Imagine a developer repeatedly delaying a final decision on a major decarbonization project. The supply chain is as a result hesitant to invest in new facilities, to build capacity, to develop new processes. Rollout of the necessary technology does not happen—and the longer the delay, the more difficult it is to catch up.

And action is important. Decisions must be based on real money and visible timelines, rather than simply ambitions and blueprints. An individual project in a competitive landscape can crystallize a supply chain and will pave the way for the establishment of facilities and investment centered on first movers or those promising scale, with certainty, at pace.

Finally, supply chains are about real people and finite resources. The crunch anticipated as 2030 targets approach means any late movers will find it more difficult to secure the capacity required to equip, build, and operate a large-scale energy project. And, based on simple economics, the longer a developer waits, and the more crowded the market becomes, the higher the prices will be.

And while government, the regulators, and the supply chain all have a role to play in making decisions easier, it is incumbent on our international energy companies to commit. The scale of the projects involved and the complexity of the technology, engineering, and construction requires the type of proven, longstanding expertise found in particular across international oil and gas.

There is an argument that their social license to operate and their contract with the wider economy depends on decarbonization. There is also ample evidence that there is money to be spent. Action will require leadership and courage; but that has long been part of the industry’s DNA and no one is better placed to drive the changes required.

Powering Change

The oil and gas supply chain is a major employer in the UK and markets around the world. These companies perform innovation, engineering, design, manufacture, and servicing of equipment, and in many cases do this from lower-income regions while supplying a global market.

This supply chain represents the skills, technology, manufacturing, and design expertise to deliver technologies that are key to decarbonization including CCUS, hydrogen, emissions management, and low-carbon power.

However, those capabilities are at risk unless governments and industry, and in particular the international oil companies who must lead the transition, commit to accelerated time frames for construction and operation.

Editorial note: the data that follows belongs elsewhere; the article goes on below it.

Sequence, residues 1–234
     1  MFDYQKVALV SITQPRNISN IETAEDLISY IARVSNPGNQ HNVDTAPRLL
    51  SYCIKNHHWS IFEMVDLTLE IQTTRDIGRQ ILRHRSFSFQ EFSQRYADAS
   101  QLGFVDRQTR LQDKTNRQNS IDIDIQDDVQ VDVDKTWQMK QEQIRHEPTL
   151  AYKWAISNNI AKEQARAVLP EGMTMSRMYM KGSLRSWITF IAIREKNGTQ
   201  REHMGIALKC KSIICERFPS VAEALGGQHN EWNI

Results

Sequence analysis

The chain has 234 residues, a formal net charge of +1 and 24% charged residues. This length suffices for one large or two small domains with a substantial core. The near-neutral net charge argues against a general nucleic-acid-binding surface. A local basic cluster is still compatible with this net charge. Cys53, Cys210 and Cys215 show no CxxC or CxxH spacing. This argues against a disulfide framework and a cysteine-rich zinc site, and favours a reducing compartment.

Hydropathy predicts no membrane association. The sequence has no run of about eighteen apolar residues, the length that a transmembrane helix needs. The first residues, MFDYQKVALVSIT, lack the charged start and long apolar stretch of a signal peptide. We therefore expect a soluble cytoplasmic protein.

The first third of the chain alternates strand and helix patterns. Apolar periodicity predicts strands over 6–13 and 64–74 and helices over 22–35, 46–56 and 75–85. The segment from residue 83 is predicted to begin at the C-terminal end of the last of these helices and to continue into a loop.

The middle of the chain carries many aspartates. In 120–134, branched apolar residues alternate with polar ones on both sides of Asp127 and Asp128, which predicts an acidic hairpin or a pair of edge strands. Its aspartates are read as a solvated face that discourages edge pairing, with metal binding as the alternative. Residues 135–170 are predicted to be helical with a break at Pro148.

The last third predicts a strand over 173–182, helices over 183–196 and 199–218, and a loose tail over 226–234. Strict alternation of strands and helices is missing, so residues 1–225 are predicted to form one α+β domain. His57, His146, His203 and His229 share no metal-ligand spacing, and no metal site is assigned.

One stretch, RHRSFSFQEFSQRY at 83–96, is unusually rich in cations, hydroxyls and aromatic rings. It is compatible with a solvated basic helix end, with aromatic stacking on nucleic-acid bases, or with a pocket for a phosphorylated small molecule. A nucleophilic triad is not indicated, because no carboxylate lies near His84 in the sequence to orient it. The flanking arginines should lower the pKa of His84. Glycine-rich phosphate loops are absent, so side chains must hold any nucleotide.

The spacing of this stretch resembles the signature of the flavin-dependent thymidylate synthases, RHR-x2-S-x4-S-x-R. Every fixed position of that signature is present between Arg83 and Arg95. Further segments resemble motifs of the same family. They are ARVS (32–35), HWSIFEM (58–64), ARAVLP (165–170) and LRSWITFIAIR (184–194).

This will provide certainty to the domestic supply chain, enable investment in product portfolios, and build manufacturing potential.

We must act now to ensure we hit our carbon-reduction target and to motivate our innovative companies employing high-skill resources to capture the crucial export potential of the future supply chain.

Baker Hughes has made significant progress against that goal. But our ambition, appetite, and expertise—like many in the sector—mean we can, under the right market conditions, do much more.

Commit to the energy transition. Provide certainty for the supply chain. Reap the economic and decarbonization rewards.

James Richardson is the commercial director for UK industrial decarbonization with energy technology company Baker Hughes. He brings more than 25 years of experience in oil and gas upstream operations across field, technical, commercial, and business management roles within Baker Hughes.

The market for energy system decarbonization has matured significantly since 2021. In his current role, Richardson leads the company’s approach to the UK industrial decarbonization market across its portfolio to decarbonize oil and gas operations and to enable new energy infrastructure across the hydrogen, floating offshore wind, and carbon capture value chains.

His prior experience in outcome-based and alternative commercial models supports the development of partnerships and collaborative relationships, which will be essential for the rapid development of lower-carbon fossil-fuel production as well as to decarbonize industrial communities across the UK.

Richardson holds a geology degree from the University of St Andrews.